So you’ve been arrested. Or maybe your family member or loved one has. It’s a scary thing to be taken into custody. One of the most commonly asked questions of a criminal defense lawyer in Las Vegas is how to get out of custody after arrest.
The most common way to get out of custody after an arrest is by posting a bail or bond. The purpose of bail is to ensure that the person posting the bail will return to Court.
In ALMOST every case, a person charged with a crime is entitled to a bail and is able to post a bond. This is a right that is carved out in our Nevada Constitution. Article 1, Section 7 of the Nevada Constitution provides that “all persons shall be bailable by sufficient sureties; unless for Capital Offenses or murders punishable by life imprisonment without possibility of parole when the proof is evident or the presumption great.”
I say in ALMOST every case because there are a few exceptions to a person’s entitlement to bail. For instance, Nevada Revised Statute (“NRS”) 178.484 deals with a person’s right to bail before a conviction, as well as the exceptions to that right. It states that “a person arrested for an offense other than murder of the first degree must be admitted to bail.” However, according to NRS 178.484(2), a person who is arrested for a NEW felony while on probation or parole for a different offense must not be admitted to bail unless certain requirements are met. Additionally, NRS 178.484(4) addresses when a person is arrested for First Degree Murder by saying “a person arrested for murder of the first degree may be admitted to bail unless the proof is evident or the presumption great by any competent court or magistrate authorized by law to do so in the exercise of discretion, giving due weight to the evidence and to the nature and circumstances of the offense.” Finally, when a person fails to show up to Court, and a Bench Warrant has issued, that person can be held without bail pending the resolution of the case.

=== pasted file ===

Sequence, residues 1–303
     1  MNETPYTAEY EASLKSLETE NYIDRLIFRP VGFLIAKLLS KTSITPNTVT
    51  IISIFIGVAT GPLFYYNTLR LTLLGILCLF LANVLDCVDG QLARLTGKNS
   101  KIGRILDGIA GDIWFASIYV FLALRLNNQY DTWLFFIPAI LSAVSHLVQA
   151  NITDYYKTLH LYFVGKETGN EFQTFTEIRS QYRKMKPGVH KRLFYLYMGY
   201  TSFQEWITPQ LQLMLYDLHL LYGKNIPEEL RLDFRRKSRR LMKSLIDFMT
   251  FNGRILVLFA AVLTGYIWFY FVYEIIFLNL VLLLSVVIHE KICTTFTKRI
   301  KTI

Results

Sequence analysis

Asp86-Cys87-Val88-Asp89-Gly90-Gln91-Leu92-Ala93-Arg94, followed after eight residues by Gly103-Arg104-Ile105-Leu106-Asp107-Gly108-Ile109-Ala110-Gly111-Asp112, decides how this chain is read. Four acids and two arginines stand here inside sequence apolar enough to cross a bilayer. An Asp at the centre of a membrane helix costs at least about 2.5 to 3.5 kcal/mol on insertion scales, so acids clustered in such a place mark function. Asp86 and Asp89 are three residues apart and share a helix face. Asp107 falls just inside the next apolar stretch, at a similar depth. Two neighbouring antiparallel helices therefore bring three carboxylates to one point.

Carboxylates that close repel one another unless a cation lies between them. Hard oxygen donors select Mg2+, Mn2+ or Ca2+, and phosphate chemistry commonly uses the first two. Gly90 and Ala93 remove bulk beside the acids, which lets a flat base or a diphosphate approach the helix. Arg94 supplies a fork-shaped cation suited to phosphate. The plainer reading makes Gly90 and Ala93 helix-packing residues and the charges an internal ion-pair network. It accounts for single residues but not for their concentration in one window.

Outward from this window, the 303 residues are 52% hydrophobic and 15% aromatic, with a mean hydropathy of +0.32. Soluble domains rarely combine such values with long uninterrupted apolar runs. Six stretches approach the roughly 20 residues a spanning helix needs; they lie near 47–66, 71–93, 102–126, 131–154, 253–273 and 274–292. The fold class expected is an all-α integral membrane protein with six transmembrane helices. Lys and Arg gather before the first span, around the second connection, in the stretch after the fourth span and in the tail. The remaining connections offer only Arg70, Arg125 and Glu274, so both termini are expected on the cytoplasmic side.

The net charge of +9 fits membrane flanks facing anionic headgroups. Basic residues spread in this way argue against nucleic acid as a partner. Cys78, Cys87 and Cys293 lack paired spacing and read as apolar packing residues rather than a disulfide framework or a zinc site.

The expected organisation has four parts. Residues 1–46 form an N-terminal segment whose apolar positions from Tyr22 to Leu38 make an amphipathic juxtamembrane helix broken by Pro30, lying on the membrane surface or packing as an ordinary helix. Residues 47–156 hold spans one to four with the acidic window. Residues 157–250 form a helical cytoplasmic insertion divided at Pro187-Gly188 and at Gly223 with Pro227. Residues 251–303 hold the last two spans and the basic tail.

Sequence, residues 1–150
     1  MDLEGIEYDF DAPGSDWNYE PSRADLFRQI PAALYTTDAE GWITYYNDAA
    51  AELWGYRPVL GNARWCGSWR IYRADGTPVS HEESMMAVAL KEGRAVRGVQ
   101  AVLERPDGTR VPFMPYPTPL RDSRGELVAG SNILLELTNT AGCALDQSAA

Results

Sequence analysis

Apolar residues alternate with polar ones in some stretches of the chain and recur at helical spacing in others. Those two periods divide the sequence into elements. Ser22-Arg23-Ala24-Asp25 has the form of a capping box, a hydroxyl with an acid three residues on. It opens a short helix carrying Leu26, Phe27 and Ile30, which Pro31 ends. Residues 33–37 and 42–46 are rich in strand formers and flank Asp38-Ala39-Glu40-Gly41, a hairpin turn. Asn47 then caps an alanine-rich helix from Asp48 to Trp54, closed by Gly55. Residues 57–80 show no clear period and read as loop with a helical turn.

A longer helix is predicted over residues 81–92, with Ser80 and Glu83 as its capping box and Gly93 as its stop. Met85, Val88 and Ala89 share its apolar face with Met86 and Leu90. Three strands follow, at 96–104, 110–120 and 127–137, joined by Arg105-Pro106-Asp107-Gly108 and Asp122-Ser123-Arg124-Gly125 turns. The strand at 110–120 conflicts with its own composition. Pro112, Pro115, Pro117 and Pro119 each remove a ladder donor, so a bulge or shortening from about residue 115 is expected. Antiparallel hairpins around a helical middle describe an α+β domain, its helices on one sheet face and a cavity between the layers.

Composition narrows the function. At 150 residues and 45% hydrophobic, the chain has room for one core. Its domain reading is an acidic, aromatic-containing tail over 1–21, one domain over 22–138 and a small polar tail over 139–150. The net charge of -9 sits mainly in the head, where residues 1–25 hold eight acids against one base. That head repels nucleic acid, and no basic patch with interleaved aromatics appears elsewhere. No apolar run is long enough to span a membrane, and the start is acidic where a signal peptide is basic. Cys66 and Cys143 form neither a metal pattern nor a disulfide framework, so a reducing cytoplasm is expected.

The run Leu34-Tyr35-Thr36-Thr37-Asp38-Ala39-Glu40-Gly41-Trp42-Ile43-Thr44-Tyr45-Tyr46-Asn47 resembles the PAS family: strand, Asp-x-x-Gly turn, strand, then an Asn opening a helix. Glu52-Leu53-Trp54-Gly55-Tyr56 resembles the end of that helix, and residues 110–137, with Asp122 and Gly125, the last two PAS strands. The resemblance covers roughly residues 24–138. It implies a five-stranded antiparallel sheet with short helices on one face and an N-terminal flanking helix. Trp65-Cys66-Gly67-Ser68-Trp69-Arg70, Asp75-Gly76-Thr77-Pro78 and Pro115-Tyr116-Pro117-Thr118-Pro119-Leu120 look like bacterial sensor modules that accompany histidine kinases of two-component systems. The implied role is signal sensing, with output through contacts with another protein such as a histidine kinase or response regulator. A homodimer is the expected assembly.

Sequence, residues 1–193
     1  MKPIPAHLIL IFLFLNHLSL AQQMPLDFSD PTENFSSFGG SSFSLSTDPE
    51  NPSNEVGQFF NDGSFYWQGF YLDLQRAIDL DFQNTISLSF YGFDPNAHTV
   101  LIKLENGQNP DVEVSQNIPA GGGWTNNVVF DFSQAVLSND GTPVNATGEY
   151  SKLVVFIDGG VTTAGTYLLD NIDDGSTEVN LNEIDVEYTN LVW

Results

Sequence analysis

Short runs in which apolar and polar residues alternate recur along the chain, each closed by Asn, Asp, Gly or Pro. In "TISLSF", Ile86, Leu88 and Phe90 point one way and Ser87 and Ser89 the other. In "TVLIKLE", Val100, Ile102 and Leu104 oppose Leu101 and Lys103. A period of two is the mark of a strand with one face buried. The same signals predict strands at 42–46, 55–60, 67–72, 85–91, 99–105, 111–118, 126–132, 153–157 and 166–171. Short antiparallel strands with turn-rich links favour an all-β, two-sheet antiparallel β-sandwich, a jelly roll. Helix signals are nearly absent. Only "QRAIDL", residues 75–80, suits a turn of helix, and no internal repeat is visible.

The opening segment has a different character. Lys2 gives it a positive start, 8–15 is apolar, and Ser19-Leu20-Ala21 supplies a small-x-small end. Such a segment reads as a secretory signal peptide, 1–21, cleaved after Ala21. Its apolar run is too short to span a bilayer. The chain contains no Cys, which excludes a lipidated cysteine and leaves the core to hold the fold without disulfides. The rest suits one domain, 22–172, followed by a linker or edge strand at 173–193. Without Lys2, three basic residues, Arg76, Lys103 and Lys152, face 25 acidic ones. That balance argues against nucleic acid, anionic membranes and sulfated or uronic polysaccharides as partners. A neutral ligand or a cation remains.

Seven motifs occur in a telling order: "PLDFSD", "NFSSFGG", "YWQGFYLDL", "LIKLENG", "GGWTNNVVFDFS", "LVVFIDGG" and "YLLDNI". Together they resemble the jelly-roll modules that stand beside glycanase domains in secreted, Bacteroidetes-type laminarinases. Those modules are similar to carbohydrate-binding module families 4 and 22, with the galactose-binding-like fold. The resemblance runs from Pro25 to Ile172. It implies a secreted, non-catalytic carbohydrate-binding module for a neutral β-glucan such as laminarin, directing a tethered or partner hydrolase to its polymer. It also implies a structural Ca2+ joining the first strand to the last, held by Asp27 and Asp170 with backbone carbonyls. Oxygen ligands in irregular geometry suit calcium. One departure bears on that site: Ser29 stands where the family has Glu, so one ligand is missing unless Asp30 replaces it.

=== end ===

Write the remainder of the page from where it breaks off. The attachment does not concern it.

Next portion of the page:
In the vast majority of cases that don’t fall into the categories described above, the Nevada Legislature has told the Court what factors to consider when setting bail. NRS 178.498 tells the Court that if a Defendant who has been charged with a crime is given bail, the bail must be set at an amount which in the judgment of the judge making the decision “will reasonably ensure the appearance of the defendant and the safety of other persons and of the community” taking into considerations such as “the nature and circumstances of the offense charged,” “the financial ability of the defendant to give bail,” “the character of the defendant” and “the factors listed in NRS 178.4853.”
NRS 178.4853 gives the Court (i.e. the judge) a list of factors to consider when releasing someone on an “OR” or “own recognizance” release. The Court also considers these same factors when setting bail. These items include the following:
1. The length of residence in the community;
2. The status and history of employment;
3. Relationships with spouse and children, parents or other members of his family and with close friends;
4. Reputation, character and mental condition;
5. Prior criminal record, including, without limitation, any record of appearing or failing to appear after release on bail or without bail;
6. The identity of responsible members of the community who would vouch for the reliability of the person;
7. The nature of the offense charged, the apparent probability of conviction and the likely sentence, insofar as these factors relate to the risk of not appearing;
8. The nature and seriousness of the danger to the alleged victim, any other person or the community that would be posed by the person’s release;
9. The likelihood of more criminal activity after release; and
10. Any other factors concerning ties to the community or bearing on the risk of willfully failing to appear.
In future posts to this Blog, we will discuss Standard Bail Schedules in Las Vegas, as well as how to best seek, and obtain, a lower bail from the Court.